Wednesday, 27 July 2011


Egbert the St Lucian Rasta
soliloquises in his hypnotic voice then begins a rapid dive into sleep. As his head droops I start another drawing. Neither is finished, even by my hazy speed-freak standards: he wakes and has to keep an appointment.

Adam, the skateboarder from Day Eleven, arrives.

'It all comes down to being a tree trunk or a cavity,' he says. 'I always say a bird in the hand is worth 82 million in the bush. I'd have been lost without my three sisters and my mother. My sisters were all undone by childbirth. They used to sit around the kitchen table talking about how to get unpregnant, or not pregnant in the first place.'

An ancient man in a yellow jumper cycles past glumly. 'Oh look,' says Adam, 'there's Rupert Murdoch. No, he's a Portobello trouble-maker. I'm so glad I don't pick up dog-ends any more although they're a feisty smoke. I was in the park once and saw a clear blue sky with just one cloud that looked like a cameo of my friend's dog. Not a fluffy cloud, striated. I asked someone to reproduce it on his computer but he couldn't so I just drew the shape of the cloud with a candle and washed over it with pale blue watercolour to show the underdrawing of the dog.

'In the sixties I was all ban the bomb and Yanks go home but the more LSD I took the more poetic I got. I was the premier wall-painter in the neighbourhood until Banksy came along. In 1974 some revolutionary in France started using stencils because posters could be torn down. Someone around here is doing fox stencils. I do white surfers on a triangle, at the top of a wave. I've put four of them at the top of St John's Hill. I like skating uphill, it's much more fun. Then when you go down it's quite a shalom. I mean slalom.'

Thursday, 7 July 2011

Day 14 - brandy and Special Brew

Egbert the St Lucian Rasta found a safari jacket yesterday; he's wearing it under his cannabis-patterned hoodie. I wish he'd find one for me. I dash home for my winter coat the colour of gloom.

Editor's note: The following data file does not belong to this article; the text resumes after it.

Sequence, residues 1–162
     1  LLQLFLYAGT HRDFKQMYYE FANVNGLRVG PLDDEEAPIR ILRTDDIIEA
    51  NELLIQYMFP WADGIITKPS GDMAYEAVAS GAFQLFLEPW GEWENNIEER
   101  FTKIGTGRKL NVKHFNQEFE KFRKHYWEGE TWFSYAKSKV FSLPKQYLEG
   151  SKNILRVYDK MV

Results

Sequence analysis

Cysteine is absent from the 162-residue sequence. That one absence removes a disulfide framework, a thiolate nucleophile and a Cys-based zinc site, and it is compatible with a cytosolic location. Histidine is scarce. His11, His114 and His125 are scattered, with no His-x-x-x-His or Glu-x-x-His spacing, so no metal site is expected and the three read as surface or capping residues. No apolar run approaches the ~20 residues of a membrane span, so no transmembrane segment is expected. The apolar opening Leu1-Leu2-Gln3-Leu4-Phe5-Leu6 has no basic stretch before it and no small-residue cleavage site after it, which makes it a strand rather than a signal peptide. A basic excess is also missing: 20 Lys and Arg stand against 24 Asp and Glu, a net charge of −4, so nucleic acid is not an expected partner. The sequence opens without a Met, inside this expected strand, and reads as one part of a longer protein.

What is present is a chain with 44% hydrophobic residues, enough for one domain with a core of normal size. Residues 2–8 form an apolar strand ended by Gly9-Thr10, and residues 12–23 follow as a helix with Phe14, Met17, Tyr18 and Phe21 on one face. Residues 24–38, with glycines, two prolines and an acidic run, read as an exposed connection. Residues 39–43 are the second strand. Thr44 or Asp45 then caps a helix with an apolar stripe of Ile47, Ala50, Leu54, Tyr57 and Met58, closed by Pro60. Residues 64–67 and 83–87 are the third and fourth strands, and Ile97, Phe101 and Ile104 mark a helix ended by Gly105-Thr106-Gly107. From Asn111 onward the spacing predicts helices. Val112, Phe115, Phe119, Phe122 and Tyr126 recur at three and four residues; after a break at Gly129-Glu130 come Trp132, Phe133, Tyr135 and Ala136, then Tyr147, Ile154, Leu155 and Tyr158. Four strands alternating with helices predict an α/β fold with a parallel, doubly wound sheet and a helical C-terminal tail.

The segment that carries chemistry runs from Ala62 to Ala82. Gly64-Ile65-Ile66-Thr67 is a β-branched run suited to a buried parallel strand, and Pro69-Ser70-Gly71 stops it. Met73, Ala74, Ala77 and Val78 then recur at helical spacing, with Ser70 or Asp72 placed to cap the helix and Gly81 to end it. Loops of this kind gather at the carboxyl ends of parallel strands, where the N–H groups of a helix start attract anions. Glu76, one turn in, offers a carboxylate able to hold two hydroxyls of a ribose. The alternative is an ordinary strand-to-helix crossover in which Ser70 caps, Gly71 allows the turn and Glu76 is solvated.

Jeffrey strolls over in the same blue string vest as yesterday and sits for me again. He contentedly watches the image evolve.
'Very nice,' says a passing drunk, patting me on the shoulder. 'That's you, man.'

Look, I know there's room for improvement. A friend writes to me: 'I like the way so many of your sitters decided to give their portraits to their mothers. Curiously touching. Or possibly a veiled insult?'

But it isn't just about drawing. My friend adds: 'There is something special about the process of drawing/painting a portrait, isn't there? A temporary intimacy. Taking the time to really look at a person - even if only for two minutes, it is a concentrated, focussed kind of looking, making a space where you have the possibility of connecting in some way.'

'Will you sign it please,' asks Jeffrey. What do they do with the pictures? Please don't throw it away until you're out of sight. I think a lot of them end up as roaches.

As I draw, several tons of solid rain are dumped on the canopy. Some of it is hurled in sideways. Police and passers-by rush under for shelter. My hair flicks my face in the wind.

Egbert appears for the second time today, in one of his prickly moods.
'How are you, Egbert?'
'You ask me that already, young lady.'
So I did. I didn't mean to be patronising, I'm just a bit vague.

Jacqueline drops in for a chat, en route from the London Print Studio where she's preparing for an exhibition. This open-air daytime salon is far more sociable than my normal feral freelance existence.